Apothecia 0.5-1.0 mm broad, sessile, at first urn-like, centrally concave, becoming cushion-shaped to discoid; hymenium glabrous, bright yellow to citrine, slightly translucent; exterior colored like the disc or paler; margin more or less even, lacking hairs; context soft, fleshy, yellowish; odor and taste not investigated.
Spores 8.0-11.0 (13.0) x 2.0-2.5 µm, narrowly ellipsoid to subfusoid, occasionally curved, hyaline, one-septate at maturity, some with droplets; asci eight-spored, uni to biseriate, the tips inamyloid.
On hardwoods, gregarious to clustered, fruiting in association with a pyrenomycete; seldom collected because of its size, but probably common
Edibility unknown; insignificant.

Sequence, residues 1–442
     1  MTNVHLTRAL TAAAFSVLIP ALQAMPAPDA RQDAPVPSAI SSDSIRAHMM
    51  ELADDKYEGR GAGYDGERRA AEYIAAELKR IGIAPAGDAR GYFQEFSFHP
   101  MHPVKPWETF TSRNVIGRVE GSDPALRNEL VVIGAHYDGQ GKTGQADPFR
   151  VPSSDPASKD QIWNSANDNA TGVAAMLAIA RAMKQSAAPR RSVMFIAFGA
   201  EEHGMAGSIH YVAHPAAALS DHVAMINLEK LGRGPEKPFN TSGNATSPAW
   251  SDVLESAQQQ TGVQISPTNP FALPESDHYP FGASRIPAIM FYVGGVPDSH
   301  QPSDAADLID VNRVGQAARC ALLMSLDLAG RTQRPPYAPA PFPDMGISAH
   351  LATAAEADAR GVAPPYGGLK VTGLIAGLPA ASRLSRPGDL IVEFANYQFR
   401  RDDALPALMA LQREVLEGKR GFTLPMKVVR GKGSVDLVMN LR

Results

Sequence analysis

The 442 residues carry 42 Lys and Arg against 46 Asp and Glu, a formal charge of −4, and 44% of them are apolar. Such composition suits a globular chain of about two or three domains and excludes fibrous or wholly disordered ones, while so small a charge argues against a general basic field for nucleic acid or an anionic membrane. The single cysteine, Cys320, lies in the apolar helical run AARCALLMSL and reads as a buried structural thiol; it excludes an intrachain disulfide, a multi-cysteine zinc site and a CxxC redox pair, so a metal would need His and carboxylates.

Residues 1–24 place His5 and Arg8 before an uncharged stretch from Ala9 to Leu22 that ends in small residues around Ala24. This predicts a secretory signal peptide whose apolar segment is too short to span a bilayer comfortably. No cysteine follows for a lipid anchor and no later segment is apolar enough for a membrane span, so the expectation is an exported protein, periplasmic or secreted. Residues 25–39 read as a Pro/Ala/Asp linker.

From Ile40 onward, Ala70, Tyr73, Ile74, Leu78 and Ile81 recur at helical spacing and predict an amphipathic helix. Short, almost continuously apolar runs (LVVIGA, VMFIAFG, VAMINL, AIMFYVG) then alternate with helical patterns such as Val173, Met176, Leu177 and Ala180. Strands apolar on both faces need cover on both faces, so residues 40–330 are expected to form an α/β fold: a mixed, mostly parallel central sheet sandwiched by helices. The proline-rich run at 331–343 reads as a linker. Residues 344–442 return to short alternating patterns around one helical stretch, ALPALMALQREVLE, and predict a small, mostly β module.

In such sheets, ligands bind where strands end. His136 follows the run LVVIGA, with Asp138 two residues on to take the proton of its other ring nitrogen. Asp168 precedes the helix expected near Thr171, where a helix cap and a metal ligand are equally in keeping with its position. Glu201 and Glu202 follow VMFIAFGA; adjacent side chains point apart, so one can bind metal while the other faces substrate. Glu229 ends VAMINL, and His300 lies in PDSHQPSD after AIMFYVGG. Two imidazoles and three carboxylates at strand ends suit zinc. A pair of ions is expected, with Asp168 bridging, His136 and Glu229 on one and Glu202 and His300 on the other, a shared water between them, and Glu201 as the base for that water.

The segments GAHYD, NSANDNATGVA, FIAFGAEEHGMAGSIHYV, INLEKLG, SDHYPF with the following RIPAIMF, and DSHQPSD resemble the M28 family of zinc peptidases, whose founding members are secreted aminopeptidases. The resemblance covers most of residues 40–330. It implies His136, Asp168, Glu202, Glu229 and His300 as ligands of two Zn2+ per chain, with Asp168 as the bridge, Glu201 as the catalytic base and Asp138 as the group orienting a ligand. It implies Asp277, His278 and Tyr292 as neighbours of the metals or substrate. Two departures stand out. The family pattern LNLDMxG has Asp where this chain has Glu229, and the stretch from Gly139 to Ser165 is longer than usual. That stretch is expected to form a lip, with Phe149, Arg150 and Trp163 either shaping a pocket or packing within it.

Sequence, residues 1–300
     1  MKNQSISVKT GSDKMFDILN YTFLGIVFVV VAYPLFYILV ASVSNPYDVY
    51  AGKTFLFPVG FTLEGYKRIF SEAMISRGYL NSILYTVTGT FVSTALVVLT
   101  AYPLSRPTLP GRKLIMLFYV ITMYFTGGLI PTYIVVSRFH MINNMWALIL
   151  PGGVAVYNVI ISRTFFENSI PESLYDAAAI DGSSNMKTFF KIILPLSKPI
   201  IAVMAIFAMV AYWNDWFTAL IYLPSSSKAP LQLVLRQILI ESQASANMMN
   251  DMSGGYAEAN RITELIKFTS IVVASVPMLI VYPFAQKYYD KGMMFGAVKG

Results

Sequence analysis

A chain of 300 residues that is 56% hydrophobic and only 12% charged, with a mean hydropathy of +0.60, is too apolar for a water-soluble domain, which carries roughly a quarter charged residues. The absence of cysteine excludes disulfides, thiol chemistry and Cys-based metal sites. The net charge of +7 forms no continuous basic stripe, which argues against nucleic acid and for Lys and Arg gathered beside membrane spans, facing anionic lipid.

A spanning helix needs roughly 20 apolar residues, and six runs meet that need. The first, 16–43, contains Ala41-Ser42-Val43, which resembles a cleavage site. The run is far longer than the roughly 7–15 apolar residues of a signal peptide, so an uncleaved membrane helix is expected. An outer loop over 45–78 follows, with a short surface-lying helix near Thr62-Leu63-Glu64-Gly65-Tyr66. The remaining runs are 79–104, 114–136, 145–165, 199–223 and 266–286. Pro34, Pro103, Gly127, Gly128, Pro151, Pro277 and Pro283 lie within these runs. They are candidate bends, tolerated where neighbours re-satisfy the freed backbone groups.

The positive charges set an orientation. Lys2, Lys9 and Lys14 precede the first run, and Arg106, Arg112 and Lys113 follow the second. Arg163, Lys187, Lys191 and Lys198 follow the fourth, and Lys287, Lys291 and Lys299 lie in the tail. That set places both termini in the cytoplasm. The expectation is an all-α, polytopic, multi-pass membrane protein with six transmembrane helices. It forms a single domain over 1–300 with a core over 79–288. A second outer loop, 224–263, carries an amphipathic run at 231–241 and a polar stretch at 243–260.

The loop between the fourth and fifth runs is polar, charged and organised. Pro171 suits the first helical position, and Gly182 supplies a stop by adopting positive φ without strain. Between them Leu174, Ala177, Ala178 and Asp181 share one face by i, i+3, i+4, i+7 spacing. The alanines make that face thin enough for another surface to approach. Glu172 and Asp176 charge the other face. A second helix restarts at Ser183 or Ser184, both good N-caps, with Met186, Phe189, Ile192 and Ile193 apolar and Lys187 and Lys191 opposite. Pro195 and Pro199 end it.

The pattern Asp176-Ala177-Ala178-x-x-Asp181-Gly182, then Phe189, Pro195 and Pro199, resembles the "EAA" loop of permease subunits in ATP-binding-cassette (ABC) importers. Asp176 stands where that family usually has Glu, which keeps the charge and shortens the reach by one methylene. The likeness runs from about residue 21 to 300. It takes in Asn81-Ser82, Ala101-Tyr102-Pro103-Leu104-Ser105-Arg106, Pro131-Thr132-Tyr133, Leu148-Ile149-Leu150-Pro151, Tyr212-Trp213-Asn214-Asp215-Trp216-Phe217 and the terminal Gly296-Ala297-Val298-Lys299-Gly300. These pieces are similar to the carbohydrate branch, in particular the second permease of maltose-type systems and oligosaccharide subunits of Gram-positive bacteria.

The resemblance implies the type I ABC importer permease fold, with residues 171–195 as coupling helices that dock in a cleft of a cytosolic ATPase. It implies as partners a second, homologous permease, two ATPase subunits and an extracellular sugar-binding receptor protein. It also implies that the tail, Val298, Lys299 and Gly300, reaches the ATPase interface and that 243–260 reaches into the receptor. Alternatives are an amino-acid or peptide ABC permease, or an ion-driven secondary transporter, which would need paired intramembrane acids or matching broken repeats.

Bisporella sulfurina is a tiny, lemon-yellow discomycete unusual in that it fruits in close association with a pyrenomycete. The latter is recognized by a layer of blackish tissue found in close proximity to the brightly colored discs. Bisporella citrina is a common, larger species, not associated with a pyrenomycete. It typically fruits gregariously rather than clustered on bark-free hardwoods. Both species have two-celled ascopores at maturity, but the spores of Bisporella citrina are distinctly broader. A third Bisporella, B. pallescens, forms small, whitish cups on hardwoods, and like Bisporella sulfurina, fruits on the surface of another fungus, a conidial forming taxa called Bispora antennata.